The outstanding Russian scientist, humanist and traveler N.N. Miklouho-Maclay is known throughout the world as a pioneer of anthropological and ethnographic studies of the indigenous people of the northeastern coast of New Guinea (the Maclay Coast). However, during his expeditions in the Pacific, Nikolay Nikolaevich made a valuable contribution to the study of the peoples and customs of West Micronesia.

In the spring of 1876, the Russian scientist visited Gebe Island, Pagan Island, Woleai atoll, Auropik Islands, Yap and Palau Islands. The traveler used European traders who had settled on the Micronesian islands as interpreters, as well as those islanders who, having worked as sailors on European ships, spoke a little English.

According to N.N. Miklouho-Maclay, on the island of Pagan he met an Englishman Henry Terey who had a large family of 20 children and grandchildren, and who came to the island to collect copra (dried coconut pulp) and other resources.

Nikolay Nikolaevich also made a description of the Auropik Islands. Despite the fact that the Russian scientist did not go ashore, he was able to see islanders who arrived at the ship on a pirogue. According to his descriptions, the islanders had curly hair, “which formed large caps.” They wore jewelry made of shells and flowers. Later, the scientist learned that the majority of the population of the Auropik Islands were residents of the island of Yap. They came there for the extraction/purchase of “gau”  — jewelry made of shells and stones, which served as an analogue for money.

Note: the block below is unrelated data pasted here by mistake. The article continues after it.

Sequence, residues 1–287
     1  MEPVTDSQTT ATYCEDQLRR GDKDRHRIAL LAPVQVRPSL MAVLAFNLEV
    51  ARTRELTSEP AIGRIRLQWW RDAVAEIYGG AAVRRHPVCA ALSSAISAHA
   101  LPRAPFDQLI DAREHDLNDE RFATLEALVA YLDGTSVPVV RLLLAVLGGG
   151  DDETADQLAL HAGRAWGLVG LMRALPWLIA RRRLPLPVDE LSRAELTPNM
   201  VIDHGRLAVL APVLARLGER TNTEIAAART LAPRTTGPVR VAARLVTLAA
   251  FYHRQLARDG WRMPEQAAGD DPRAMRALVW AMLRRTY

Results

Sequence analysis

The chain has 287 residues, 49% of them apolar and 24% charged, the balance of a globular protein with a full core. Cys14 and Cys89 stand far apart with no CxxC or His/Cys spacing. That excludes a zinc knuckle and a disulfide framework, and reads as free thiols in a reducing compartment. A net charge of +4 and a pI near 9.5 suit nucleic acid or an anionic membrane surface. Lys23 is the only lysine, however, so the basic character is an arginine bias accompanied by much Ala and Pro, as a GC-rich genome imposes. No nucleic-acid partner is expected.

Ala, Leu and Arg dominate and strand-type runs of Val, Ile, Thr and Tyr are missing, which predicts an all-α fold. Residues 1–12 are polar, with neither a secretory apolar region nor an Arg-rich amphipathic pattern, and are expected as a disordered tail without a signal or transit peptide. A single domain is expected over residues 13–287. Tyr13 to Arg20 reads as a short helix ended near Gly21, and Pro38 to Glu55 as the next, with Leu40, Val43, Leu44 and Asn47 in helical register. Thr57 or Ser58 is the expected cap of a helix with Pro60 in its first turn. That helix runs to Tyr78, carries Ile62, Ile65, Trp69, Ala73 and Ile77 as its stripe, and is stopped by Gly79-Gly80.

In addition, thanks to the Russian scientist, we now have descriptions of the inhabitants of Woleai. According to N.N.Miklouho-Maclay’s diaries, the inhabitants of the atoll were of medium height, “many young people were very beautiful and well-built”. Some residents were tall. The scientist even measured the height of the tallest resident, who was as tall as 181 cm.

However, Miklouho-Maclay’s reports about the islanders of Palau and Yap, where he stayed for about two weeks, are the most detailed. According to the traveler’s diaries, the streets of the Yapese villages were paved with coral slabs, and near the houses with gable roofs there were massive stone disks with drilled holes in the middle. It was “fei” – Yapese stone money. Thanks to the descriptions, drawings and museum exhibits brought by N.N. Miklouho-Maclay and European travelers from Yap, they soon became known all over the world.

During the expedition, Nikolay Nikolaevich also found out that the chiefs of the atolls located to the east of Yap paid tribute to the Yap rulers of the village of Gatchepar. Every year, during the period of South-East winds, a whole flotilla of canoes from these atolls arrived in Gatchepar. They brought tribute: skirts, loincloths, belts, neatly woven from banana and coconut fibers, and shellcraft. When the wind changed, the flotilla set off on its return voyage, taking away less valuable gifts in return. Later, ethnographers studied the phenomenon described by N.N. Miklouho-Maclay, calling this part of the Micronesian island world the “Yapese Empire” for no good reason .

The traveler also visited Micronesian men’s houses, where initiation rites were performed and weapons and various sacred objects were stored. For the first time Nikolay Nikolaevich saw men’s houses in the North-East of New Guinea, but their analogues on Yap and Palau were much larger and had more complex functions. This could probably be a sign of a higher level of social development of the Micronesians compared to the Papuans.

While on the islands of West Micronesia, Nikolay Nikolaevich became a friend to the Chief of the village of Malegiok and the entire Artingall District (Ngateligal) of the island of Babeldaob in the Palau archipelago and even acquired (rather, received permission to use in the future) two small pieces of fertile land.

One can only be amazed at the variety and abundance of information that N.N. Miklouho-Maclay collected on these islands. Food, clothing, jewelry, tattoos, traditional weapons and tools, sailing boats, buildings, burial structures, Chiefs, priests, sorcerers and shamans, ideas about the afterlife, the cult of ancestors – this is an incomplete list of topics related to Western Micronesia, which are reflected in the ethnographic notes and drawings of N.N. Miklouho-Maclay.